Sometimes choosing a surface for your artwork isn’t as straightforward as you expect it to be. If you’re stuck at square one, we’ve put together a list of common surfaces to help you decide which one is best for your project.
Stretched cotton canvas
Let’s start with one of the most common painting surfaces around. Stretched canvas comes in many shapes and sizes and is perfect for both acrylic and oil painting. The woven pattern of the cotton is a drawcard for a lot of artists, particularly when they want to create textured artworks. It’s also a big plus that stretched canvases are often already primed and ready to paint when you buy them.
Stretched linen canvas
Linen canvases have a finer texture than cotton and are slightly heavier. Since oil paints won’t soak into linen, this type of canvas is a good choice for artists working in this medium. Like its cotton equivalent, stretched linen canvases usually come primed and ready to paint.
If you’re looking for an affordable surface that you can practice your painting on, canvas panels are a great option. They don’t quite offer enough support for a finished artwork, but we’ve found them essential for testing and experimenting before getting started on the final piece.
Wooden painting board
Wooden painting boards are a solid choice if you need a smooth surface for your acrylic or oil painting. They’re essentially a ply panel attached to a frame which makes them sturdy and warp resistant. This strength makes them perfect for painting outdoors or using large amounts of paint for fluid art.
Did you know that you can use wooden panels from your local hardware store for acrylic and oil painting? Some common panels include Masonite, MDF and Marine plywood. These are great because you can cut them to your preferred dimensions, but they do take some prep work. Composite panels aren’t made to be painting surfaces, so you’ll need to prepare the surface with gesso or canvas to stop the wood from absorbing paint.
Copy paper is usually about 80gsm (grams per square meter) and has a very fine tooth. To break that down - the lower the gsm, the lighter the paper and the finer the tooth, the smoother it is. The smooth surface of copy paper means it’s only really suitable for graphite pencils and wax-based colour pencils. While it’s not a high quality paper, it is affordable and easy to find which makes it perfect for kids to use.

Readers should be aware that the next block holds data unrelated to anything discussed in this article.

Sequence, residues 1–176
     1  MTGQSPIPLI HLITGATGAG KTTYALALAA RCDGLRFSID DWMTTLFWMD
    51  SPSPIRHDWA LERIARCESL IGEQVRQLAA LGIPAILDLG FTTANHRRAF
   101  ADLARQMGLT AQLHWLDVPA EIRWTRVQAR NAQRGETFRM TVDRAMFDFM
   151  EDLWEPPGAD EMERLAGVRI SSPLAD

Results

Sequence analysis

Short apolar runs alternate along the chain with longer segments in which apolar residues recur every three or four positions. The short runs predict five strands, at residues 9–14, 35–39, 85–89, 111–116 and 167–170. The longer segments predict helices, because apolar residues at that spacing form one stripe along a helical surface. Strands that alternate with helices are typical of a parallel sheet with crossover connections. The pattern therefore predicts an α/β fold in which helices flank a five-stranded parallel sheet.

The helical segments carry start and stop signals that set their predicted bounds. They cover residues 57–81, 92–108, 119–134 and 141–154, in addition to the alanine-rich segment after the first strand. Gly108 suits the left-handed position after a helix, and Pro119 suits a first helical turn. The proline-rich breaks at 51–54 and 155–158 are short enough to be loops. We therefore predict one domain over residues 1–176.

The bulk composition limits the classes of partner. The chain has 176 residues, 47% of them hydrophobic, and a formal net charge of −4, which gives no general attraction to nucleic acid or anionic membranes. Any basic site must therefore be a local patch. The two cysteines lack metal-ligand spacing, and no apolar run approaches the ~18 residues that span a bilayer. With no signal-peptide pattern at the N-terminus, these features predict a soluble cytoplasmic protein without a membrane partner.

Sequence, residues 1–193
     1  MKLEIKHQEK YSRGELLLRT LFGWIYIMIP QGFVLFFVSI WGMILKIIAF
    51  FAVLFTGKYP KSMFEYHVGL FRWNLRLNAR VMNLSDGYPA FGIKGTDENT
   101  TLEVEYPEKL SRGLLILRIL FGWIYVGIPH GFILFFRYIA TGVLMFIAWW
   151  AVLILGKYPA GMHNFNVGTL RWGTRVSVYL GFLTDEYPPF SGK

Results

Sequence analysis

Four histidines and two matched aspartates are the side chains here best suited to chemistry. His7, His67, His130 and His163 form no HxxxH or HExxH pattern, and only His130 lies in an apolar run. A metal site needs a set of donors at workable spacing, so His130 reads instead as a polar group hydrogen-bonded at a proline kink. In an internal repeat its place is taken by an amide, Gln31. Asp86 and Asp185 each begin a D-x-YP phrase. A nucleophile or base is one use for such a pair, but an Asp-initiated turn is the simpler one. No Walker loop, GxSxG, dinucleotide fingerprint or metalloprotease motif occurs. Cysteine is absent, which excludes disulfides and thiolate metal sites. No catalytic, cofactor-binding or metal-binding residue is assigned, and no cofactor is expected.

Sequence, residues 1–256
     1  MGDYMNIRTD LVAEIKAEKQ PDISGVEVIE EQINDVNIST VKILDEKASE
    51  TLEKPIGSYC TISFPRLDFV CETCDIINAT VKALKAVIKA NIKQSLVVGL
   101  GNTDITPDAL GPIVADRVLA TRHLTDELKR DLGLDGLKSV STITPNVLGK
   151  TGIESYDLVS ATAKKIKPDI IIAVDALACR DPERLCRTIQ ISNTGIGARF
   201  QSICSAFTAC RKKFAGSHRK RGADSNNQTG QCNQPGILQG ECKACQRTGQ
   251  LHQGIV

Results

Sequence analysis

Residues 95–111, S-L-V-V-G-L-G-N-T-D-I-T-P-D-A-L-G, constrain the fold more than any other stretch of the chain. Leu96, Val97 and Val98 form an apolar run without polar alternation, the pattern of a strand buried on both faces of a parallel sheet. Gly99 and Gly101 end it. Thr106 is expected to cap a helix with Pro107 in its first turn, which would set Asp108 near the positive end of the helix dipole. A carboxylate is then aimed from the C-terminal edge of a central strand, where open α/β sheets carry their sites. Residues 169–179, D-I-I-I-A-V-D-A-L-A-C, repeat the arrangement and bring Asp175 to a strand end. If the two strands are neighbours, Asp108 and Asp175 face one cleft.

Watercolour paper is the most versatile all-rounder there is. In fact, with the exception of oil paint, every medium can be used with this type of paper. It’s available with a smooth, medium or rough surface and comes in a range of weights (from 185-600gsm). If watercolour paper is framed properly behind glass it can last for hundreds of years!
Kraft paper is an earthy brown colour and works well with a range of mediums including charcoal, pencils, ink, pens and pastels. The colour of the paper is a great mid-tone which means you can create highlights using white charcoal. The rough texture also creates beautiful effects with pastels and other dry media.
Need an affordable option for the kids? Butchers paper is generally around 50gsm and has a smooth surface that’s great for pencils. It also comes in handy for life drawing because the smooth surface allows you to create subtle tonal transitions and smudging with charcoal pencils and blocks. Just remember that this type of paper is often not acid-free, so it will become discoloured and brittle over time.
For more versatility, choose a thicker paper such as 100gsm or above. You can use a range of media with this paper including pencils, ink, acrylic paint and gouache paint.
Now that you’ve had a run-down of some of the most common artwork surfaces, it’s time to start creating! There are plenty of options out there, so don't be afraid to experiment with other surfaces too (even those outside of the norm). We'd love to see what you create, so feel free to tag us using @montmarteart on Facebook or Instagram.